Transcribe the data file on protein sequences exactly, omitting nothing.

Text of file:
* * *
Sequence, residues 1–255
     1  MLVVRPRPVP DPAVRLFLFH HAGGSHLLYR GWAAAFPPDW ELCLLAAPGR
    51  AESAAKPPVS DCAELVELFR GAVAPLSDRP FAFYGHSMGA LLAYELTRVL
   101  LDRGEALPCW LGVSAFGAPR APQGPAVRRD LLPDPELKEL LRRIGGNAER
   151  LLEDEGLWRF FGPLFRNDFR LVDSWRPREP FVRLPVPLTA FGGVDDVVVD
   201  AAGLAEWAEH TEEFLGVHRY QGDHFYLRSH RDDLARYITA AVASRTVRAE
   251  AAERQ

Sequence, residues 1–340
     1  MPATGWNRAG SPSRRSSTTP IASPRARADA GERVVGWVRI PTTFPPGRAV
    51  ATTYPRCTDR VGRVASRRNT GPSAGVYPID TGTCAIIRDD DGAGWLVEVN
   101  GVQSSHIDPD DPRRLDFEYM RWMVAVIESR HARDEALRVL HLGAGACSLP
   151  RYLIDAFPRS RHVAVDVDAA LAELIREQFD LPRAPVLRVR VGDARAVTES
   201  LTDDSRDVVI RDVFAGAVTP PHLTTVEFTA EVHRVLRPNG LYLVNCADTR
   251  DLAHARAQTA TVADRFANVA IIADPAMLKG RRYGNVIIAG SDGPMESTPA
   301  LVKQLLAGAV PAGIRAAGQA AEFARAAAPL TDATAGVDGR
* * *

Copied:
Sequence, residues 1–255
     1  MLVVRPRPVP DPAVRLFLFH HAGGSHLLYR GWAAAFPPDW ELCLLAAPGR
    51  AESAAKPPVS DCAELVELFR GAVAPLSDRP FAFYGHSMGA LLAYELTRVL
   101  LDRGEALPCW LGVSAFGAPR APQGPAVRRD LLPDPELKEL LRRIGGNAER
   151  LLEDEGLWRF FGPLFRNDFR LVDSWRPREP FVRLPVPLTA FGGVDDVVVD
   201  AAGLAEWAEH TEEFLGVHRY QGDHFYLRSH RDDLARYITA AVASRTVRAE
   251  AAERQ

Sequence, residues 1–340
     1  MPATGWNRAG SPSRRSSTTP IASPRARADA GERVVGWVRI PTTFPPGRAV
    51  ATTYPRCTDR VGRVASRRNT GPSAGVYPID TGTCAIIRDD DGAGWLVEVN
   101  GVQSSHIDPD DPRRLDFEYM RWMVAVIESR HARDEALRVL HLGAGACSLP
   151  RYLIDAFPRS RHVAVDVDAA LAELIREQFD LPRAPVLRVR VGDARAVTES
   201  LTDDSRDVVI RDVFAGAVTP PHLTTVEFTA EVHRVLRPNG LYLVNCADTR
   251  DLAHARAQTA TVADRFANVA IIADPAMLKG RRYGNVIIAG SDGPMESTPA
   301  LVKQLLAGAV PAGIRAAGQA AEFARAAAPL TDATAGVDGR